To confirm that the calcium released from the ER by inhalational anesthetic–mediated activation of IP3R was transferred into mitochondria via the cytosolic space, we measured the changes of calcium concentrations in both the cytosolic space and the mitochondria. Isoflurane, sevoflurane, and desflurane significantly increased peak cytosolic calcium (F340/F380ratio) as percentages above their own baseline controls to 162.7 ± 64% (n = 39), 79.4 ± 19% (n = 15), and 67.5 ± 29% (n = 21) (P < 0.001 for all; figs. 4A and B) only in DT40 WT cells, which were also significantly higher than their effects in DT40 IP3R TKO cells (6.3 ± 3.5%, n = 23, 3 ± 1.4%, n = 38, and 3 ± 1.4%, n = 39, respectively, P < 0.001 for all; figs. 4A and B). Similarly, all three inhalational anesthetics significantly increased mitochondrial calcium concentrations only in DT40 WT cells (fig. 5). Isoflurane, sevoflurane, and desflurane significantly increased mitochondrial calcium concentrations as percentages of increase above their own baseline control to 121.1 ± 80% (n = 26), 51.5 ± 22.5% (n = 25), and 64.8 ± 34% (n = 27) (P < 0.001 for all; figs. 5A and B) only in DT40 WT cells, which were also significantly higher than their effects in DT40 IP3R TKO cells (2.7 ± 2.7%, n = 27, 1.4 ± 2.8%, n = 28, and 1.3 ± 2.3%, n = 28, respectively, P < 0.001 for all; figs. 5A and B). These results were consistent with their effects on decreasing ER calcium (fig. 3), increasing cytosolic calcium (fig. 4), and inducing cell damage (fig. 1 and 2).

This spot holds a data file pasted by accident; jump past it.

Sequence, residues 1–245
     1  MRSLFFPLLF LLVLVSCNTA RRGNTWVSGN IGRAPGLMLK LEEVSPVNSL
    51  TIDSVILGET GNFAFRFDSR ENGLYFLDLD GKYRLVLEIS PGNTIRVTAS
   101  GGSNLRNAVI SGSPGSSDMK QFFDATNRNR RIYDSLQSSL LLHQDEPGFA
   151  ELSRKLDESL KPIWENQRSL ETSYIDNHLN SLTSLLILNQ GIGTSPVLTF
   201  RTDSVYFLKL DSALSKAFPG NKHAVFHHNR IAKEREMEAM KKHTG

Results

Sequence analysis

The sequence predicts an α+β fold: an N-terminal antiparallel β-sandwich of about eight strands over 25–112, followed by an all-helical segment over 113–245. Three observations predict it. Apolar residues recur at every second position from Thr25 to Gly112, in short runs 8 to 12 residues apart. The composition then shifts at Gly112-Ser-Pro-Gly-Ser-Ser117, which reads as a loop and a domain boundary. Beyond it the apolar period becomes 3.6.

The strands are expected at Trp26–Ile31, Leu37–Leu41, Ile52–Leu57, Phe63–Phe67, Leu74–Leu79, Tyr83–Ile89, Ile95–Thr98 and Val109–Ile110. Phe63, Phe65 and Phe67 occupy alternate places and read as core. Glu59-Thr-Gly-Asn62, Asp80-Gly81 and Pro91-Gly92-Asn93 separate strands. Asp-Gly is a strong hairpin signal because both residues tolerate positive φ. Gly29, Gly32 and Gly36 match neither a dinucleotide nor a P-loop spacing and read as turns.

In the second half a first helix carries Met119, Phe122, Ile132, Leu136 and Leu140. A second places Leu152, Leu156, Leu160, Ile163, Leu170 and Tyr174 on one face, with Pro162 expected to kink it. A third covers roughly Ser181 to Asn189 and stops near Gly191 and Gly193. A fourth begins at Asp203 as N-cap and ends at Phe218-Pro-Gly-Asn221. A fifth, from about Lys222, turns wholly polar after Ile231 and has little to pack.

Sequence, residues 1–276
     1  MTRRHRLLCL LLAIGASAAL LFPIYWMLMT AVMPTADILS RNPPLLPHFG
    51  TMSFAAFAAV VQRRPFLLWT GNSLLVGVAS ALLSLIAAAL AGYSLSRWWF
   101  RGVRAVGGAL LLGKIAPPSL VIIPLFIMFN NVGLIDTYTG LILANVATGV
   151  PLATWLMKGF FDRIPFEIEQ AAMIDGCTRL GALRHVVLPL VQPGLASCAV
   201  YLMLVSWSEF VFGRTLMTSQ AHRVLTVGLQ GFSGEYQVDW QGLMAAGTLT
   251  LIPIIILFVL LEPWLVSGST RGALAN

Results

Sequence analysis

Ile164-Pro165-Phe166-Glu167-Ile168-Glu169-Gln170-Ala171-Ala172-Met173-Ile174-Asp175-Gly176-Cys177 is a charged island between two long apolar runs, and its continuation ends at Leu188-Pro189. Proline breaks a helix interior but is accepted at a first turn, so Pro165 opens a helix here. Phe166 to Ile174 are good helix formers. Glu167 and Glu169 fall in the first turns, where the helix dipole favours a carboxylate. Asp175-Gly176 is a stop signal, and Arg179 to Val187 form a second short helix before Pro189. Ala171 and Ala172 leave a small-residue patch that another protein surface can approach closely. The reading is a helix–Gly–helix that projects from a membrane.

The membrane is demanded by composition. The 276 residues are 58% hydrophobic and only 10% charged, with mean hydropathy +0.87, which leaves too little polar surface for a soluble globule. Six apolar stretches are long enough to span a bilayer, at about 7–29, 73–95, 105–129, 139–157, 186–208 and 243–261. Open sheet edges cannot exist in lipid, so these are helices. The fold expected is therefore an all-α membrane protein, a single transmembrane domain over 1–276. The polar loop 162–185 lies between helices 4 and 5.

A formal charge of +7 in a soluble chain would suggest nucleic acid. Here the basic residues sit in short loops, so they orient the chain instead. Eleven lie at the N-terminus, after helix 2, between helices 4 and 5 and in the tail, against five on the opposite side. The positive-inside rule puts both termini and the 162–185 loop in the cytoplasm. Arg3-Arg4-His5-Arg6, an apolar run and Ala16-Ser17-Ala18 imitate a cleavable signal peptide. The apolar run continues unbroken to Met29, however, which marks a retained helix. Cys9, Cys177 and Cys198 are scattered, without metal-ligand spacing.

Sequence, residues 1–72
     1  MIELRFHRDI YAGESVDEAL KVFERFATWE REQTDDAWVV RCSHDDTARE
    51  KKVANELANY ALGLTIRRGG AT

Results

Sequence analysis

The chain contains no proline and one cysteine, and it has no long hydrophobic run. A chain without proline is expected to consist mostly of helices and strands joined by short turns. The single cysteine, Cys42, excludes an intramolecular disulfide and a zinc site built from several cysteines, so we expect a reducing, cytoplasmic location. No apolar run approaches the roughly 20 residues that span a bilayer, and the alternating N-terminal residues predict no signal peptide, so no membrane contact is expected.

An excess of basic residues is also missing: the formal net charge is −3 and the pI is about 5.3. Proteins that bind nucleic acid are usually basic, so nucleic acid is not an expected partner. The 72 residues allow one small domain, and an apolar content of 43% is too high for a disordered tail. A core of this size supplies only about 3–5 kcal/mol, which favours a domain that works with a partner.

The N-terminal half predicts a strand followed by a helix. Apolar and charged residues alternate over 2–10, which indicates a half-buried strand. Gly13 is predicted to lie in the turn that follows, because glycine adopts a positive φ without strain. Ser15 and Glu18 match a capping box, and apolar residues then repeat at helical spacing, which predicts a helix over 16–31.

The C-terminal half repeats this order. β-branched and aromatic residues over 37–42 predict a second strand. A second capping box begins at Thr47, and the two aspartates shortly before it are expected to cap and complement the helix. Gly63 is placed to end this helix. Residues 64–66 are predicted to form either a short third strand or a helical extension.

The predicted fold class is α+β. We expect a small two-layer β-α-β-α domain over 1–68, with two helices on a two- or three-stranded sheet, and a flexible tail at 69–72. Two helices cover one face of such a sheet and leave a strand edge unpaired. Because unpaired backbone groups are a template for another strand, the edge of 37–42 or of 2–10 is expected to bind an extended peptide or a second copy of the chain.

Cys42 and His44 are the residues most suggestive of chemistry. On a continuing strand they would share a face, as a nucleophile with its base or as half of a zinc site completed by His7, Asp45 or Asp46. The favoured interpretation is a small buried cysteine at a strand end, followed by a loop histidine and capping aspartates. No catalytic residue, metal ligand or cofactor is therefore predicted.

Our results suggest that inhalational anesthetics induce apoptosis in lymphocytes via excessive activation of IP3R on the ER membrane. The apoptosis induced by inhalational anesthetics was associated with a decrease of calcium concentrations in the ER, and the sequential increase of calcium concentrations in the cytosolic space and then the mitochondria. This most likely represented transfer of ER calcium into mitochondria via the cytosolic space, which is much more efficient than the calcium transfer originating from the calcium influx from the extracellular space.22It is generally believed that calcium ions in cytosolic space are transferred into mitochondria by a calcium ion uniporter.22The excessive cytosolic calcium originating from the ER can cause overloading of mitochondria with calcium, collapse of mitochondrial membrane potential, and subsequent release of cytochrome c from mitochondria, triggering cell death by apoptosis.23The current study provides a novel finding that all three inhalational anesthetics actually decrease ER calcium by directly measuring ER calcium concentrations. The significant decrease of ER calcium concentrations after exposing DT40 to isoflurane in WT but not IP3R TKO cells further supports the finding from our previous reports8,9that isoflurane induced calcium release from the ER via activation of IP3R. We did not test the effect of the IP3R antagonist xestospongin C on cell damage induced by inhalational anesthetics in the current study because xestospongin C does not behave consistently as a selective IP3R antagonist24and we have previously demonstrated the inhibitory effects of xestospongin C on isoflurane-mediated cell damage in other types of cells.8The major advantage of using the DT40 IP3R TKO cell line is to selectively study the role of this receptor on excessive calcium release from the ER and the subsequent apoptosis mediated by inhalational anesthetics, which is a more powerful tool than the relatively less selective IP3R antagonist xestospongin C. More studies are needed to investigate whether inhalational anesthetics can directly activate IP3R on the ER membrane or simply increase the production of IP3or augment the opening probability of IP3R upon activation by their agonists.